Insolvency experts say the number of company collapses will continue to grow over the next six months as troubled businesses fail to survive after the Christmas rush and banks become more willing to try and sell struggling companies on the open market.
The warning comes after figures from the Australian Securities and Investments Commission show the number of businesses that collapsed in the year to September jumped by 12% compared to the same period a year earlier, to 7,212.
The new figures also show 744 companies were placed into administration during September, an increase from August but a decline from the March high of 1,095.
Sule Arnautovic, insolvency practice partner at Jirsch Sutherland, says the figures are set to increase in the New Year, as struggling companies realise the Christmas sales period fails to save them.
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“Absolutely, retailers will especially try to hold on in the expectation that Christmas and New Year sales will get them through. What you’ll find, then, is that in January and February those sales won’t have delivered and a number of businesses will fall.”
But Arnautovic also says businesses considering shutting down before Christmas should hold on for a few more months, as a good sales period could help a business survive.
“If you’re in a retail business, then for sure hold on and see what happens. But if you’re in another industry such as building and construction, the low residential stuff, then you’re probably stuffed.”
Arnautovic also rebuffed claims recent drops in asset prices will result in a growth in the number of companies being placed in administration. Some analysts claim lenders will be more willing to place assets on the market due to a focus on recovery and an increase in buyers.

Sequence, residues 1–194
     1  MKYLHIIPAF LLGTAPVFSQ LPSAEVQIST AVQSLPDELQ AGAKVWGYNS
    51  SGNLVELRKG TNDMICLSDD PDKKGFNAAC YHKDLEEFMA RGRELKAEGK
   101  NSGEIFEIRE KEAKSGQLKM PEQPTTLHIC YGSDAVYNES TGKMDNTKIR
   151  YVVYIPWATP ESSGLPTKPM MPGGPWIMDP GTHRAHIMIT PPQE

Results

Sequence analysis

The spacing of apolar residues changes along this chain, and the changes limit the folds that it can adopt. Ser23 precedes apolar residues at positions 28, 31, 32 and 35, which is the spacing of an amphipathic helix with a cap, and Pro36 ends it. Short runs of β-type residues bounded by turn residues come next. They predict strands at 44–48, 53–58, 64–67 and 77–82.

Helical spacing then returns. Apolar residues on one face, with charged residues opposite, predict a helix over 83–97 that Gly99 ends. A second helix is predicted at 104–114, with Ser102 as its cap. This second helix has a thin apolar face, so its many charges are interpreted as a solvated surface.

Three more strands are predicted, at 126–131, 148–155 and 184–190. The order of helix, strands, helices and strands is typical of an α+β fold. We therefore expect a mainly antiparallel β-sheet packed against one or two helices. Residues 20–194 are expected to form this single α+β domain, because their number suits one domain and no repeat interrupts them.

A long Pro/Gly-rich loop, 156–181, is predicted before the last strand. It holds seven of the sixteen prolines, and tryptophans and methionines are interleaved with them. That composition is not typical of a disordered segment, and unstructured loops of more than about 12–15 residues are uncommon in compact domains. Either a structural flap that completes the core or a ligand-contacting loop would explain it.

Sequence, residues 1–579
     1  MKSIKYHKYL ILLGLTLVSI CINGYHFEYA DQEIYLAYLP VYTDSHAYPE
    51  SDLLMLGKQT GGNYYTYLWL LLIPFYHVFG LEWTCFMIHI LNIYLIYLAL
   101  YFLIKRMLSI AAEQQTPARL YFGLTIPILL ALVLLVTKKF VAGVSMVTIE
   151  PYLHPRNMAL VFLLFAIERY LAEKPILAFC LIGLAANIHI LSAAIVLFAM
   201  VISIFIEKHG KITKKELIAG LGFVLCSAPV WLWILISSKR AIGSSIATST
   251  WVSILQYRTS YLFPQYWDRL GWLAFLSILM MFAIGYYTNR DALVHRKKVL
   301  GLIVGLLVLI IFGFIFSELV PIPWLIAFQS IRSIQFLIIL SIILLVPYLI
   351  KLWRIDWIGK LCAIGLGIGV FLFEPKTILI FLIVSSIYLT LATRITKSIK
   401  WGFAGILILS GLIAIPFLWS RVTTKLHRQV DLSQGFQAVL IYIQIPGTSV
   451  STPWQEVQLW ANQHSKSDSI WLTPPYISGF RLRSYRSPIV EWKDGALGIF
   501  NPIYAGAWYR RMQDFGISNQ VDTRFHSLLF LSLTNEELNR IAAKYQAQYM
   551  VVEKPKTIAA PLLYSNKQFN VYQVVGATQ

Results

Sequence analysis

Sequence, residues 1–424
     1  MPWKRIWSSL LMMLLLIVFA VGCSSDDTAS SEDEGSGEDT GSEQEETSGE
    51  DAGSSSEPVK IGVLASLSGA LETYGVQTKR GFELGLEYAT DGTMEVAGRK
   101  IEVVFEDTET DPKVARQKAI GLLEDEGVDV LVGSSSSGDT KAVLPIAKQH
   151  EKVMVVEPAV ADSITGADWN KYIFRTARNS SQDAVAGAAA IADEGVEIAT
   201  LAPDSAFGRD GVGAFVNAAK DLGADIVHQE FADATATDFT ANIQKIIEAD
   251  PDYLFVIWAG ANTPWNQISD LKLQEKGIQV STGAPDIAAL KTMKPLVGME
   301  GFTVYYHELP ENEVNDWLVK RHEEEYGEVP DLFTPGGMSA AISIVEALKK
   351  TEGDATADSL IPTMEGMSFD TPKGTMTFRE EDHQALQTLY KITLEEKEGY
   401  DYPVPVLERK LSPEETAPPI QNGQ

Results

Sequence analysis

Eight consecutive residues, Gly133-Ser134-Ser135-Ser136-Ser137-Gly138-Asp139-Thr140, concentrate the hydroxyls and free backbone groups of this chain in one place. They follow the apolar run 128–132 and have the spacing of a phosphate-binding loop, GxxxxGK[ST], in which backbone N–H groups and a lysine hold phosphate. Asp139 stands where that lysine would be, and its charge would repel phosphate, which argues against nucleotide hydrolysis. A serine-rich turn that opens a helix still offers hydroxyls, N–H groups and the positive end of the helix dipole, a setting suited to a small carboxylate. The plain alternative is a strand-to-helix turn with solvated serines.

“Certainly, there are a lot of people looking for distressed assets and selling bottom dollar. But I also think it’s becoming hard to get the finance to do it, and confidence is not exactly sky high.”
Jim Downey, principal of Downey & Co., also questions whether the number of buyers looking for bargain assets will grow.
“I don’t know that I’m expecting anything. I do ask myself whether the banks and buyers are now going to move in, as there’s a fairly robust market out there. But I can’t say whether they will… although there is an incentive now to buy.”
Arnautovic also says the number of insolvencies will grow as the economy will take longer than expected to recover from the downturn.
“I’m a bit uncertain there’s going to be an immediate recovery. My view is that things are starting to slow down now, and I expect that slowdown to continue through the first quarter of next year.”
“I think we’re still in for a little dip in terms of confidence. So from now until the middle of next year, I expect insolvency numbers to grow.”